September 27 2018

Town Meeting Approves use of Stabilization Fund to Cover School Deficit

By: Rich Hosford

Burlington will cover an FY18 School Department Deficit using the town’s Stabilization Fund.


On Wednesday evening, after a lengthy discussion, Town Meeting voted by a large majority but a relatively slim margin, to allocate $699,926.54 from the Stabilization Fund to make up for the school deficit. The final vote was 92 in favor, 5 opposed and 3 abstentions. It was a clear majority but due to state law on votes concerning covering a deficit during a “special Town Meeting” the threshold was a 9/10 majority vote.


The discussion started with an apology by School Committee Chairman Kristin Russo for the department having a deficit in the first place and a pledge that they are doing all they can to ensure it doesn’t happen again.


“The School Committee is continuing to adopt policies and procedures with Ways & Means and the town auditor,” she said. “Moving forward we are working to ensure that all policies and procedures are being followed and we look forward to the new reports and learning what we can from them.”


Superintendent of Schools Eric Conti took some time to present the driving forces of the deficit and to talk about changes in practices and procedures that have been put in place. The deficit, he said, was from an over-expenditure on salaries. In total the FY18 budget had $41,900,710 allocated for salaries but that $42,993,625 was paid out for a difference of 1,092,915. Roughly $300,000 was made up with a freeze on non-salary, discretionary spending imposed in March with the remainder being the deficit in question.


Conti said there were a number of factors in the salary budget that led to the deficit. One was an over-expense on substitute teachers of $212,884 that came about from an unexpectedly high amount of maternity and fraternity leaves. There was also an over-expense of $290,614 on tutors. Finally, Conti said there was $198,208 over-expense on vacation buyouts and two employee settlements that were decided during the fiscal year. Settlements, he said, are unpredictable and are not accounted for when planning a budget.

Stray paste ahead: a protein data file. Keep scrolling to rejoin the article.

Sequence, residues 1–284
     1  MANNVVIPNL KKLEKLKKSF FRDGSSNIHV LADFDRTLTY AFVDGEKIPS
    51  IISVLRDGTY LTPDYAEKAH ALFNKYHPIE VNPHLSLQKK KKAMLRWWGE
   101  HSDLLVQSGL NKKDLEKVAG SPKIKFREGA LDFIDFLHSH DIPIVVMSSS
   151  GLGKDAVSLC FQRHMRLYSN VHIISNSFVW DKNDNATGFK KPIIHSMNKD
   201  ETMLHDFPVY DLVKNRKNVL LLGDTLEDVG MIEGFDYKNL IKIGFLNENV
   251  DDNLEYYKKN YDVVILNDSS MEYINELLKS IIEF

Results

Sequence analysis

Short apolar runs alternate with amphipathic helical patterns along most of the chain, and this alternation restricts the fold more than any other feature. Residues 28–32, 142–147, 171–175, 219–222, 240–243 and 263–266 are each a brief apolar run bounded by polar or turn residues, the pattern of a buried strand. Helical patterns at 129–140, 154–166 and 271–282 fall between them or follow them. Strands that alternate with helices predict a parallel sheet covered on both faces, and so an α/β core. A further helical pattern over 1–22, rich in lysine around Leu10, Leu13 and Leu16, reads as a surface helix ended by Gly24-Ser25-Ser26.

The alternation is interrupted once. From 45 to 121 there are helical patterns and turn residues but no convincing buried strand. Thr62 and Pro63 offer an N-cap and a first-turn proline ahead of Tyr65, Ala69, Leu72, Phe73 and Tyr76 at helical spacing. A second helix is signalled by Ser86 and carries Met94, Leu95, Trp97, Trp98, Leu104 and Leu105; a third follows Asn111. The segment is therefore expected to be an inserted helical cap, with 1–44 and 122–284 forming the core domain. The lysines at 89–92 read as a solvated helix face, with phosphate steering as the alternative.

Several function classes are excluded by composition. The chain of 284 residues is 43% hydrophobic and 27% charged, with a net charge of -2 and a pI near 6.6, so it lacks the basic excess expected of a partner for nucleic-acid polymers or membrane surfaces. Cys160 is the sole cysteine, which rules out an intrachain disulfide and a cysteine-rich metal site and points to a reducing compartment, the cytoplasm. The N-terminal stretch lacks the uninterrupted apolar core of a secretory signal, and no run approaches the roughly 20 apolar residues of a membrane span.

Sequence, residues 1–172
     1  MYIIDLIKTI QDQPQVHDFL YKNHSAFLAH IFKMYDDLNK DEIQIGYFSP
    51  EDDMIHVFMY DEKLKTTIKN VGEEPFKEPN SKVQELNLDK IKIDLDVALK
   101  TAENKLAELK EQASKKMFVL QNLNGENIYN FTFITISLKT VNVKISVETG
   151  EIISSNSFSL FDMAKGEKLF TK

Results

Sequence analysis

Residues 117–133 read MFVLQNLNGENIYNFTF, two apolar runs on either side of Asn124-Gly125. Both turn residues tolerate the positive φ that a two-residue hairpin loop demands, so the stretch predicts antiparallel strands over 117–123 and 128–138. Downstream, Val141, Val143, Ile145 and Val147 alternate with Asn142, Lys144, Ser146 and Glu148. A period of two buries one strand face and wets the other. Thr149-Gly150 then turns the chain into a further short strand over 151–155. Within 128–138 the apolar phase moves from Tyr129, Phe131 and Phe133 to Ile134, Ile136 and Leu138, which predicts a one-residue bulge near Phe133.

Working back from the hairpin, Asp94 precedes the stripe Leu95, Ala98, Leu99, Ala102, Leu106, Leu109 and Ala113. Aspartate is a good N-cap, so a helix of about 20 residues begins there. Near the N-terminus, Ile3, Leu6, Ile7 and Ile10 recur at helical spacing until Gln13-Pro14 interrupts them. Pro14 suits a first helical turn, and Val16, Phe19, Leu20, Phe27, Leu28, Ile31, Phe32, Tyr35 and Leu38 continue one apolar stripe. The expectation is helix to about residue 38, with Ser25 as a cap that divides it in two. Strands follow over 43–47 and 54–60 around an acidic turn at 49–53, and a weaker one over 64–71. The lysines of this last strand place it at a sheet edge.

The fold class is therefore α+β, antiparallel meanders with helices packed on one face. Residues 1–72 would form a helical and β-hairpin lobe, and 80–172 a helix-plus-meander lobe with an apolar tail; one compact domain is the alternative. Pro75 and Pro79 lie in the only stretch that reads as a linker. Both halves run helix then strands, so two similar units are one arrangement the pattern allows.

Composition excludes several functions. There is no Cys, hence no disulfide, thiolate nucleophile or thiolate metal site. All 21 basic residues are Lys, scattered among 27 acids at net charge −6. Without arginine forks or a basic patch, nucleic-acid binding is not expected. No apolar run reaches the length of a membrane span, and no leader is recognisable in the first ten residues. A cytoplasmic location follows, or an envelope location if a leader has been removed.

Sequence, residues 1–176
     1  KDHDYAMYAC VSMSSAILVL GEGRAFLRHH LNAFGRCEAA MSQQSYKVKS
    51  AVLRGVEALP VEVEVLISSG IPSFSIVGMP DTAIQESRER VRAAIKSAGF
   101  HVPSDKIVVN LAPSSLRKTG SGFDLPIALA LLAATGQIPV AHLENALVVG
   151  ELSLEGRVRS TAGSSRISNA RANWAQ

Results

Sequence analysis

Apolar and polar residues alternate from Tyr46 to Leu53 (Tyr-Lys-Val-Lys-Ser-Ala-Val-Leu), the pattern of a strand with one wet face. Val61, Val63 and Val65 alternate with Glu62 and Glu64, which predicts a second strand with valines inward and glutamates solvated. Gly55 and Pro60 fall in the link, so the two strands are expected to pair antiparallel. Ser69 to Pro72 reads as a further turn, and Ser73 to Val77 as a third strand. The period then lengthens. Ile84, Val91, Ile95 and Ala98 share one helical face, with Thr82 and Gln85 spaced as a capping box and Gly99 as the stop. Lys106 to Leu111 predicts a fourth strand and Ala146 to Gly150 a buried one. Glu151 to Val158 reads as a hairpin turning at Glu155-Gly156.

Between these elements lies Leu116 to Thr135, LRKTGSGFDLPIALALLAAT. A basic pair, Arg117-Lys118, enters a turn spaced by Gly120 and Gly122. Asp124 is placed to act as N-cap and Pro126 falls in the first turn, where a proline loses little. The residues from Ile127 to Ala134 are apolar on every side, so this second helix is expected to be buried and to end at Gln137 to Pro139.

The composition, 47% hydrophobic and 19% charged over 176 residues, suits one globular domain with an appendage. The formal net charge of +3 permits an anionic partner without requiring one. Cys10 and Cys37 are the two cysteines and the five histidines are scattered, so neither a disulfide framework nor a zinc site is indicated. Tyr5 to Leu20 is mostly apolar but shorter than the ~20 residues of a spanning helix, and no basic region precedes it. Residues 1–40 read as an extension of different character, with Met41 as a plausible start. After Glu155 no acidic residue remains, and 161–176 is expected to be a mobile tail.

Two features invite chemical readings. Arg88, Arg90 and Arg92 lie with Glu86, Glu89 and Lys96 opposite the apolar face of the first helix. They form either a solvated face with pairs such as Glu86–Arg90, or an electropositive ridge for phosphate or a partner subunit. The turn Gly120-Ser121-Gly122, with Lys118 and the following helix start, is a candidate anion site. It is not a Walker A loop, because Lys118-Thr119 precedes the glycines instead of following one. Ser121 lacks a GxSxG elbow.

Conti said changes have been implemented and further review, auditing and discussion for other procedure changes are underway. One big change, he said, was that for the FY19 the budget was created from the ground-up, not by looking at past years as was the practice. This change came about when the School Department’s new Finance Manager Nicole Coscia came on board.


Another new policy to control spending is an electronic purchase order system now in place. Rather than allowing the various schools and departments to use their allotted funds independently now all spending requests will go to Coscia’s office for approval if the funds are available.


“There lot of purchases from different schools and departments and now all those will go to one desk to ensure the funds are available before a purchase is made,” Conti said.


The big question of the evening was how to cover the deficit and there were three possible funding options available.


The first was to use money from the Stabilization Fund. This would satisfy the deficit and balance the FY18 budget while minimizing any impact on FY19 operations. The balance of the Stabilization Fund as of June 30 is approximately $8.8 million.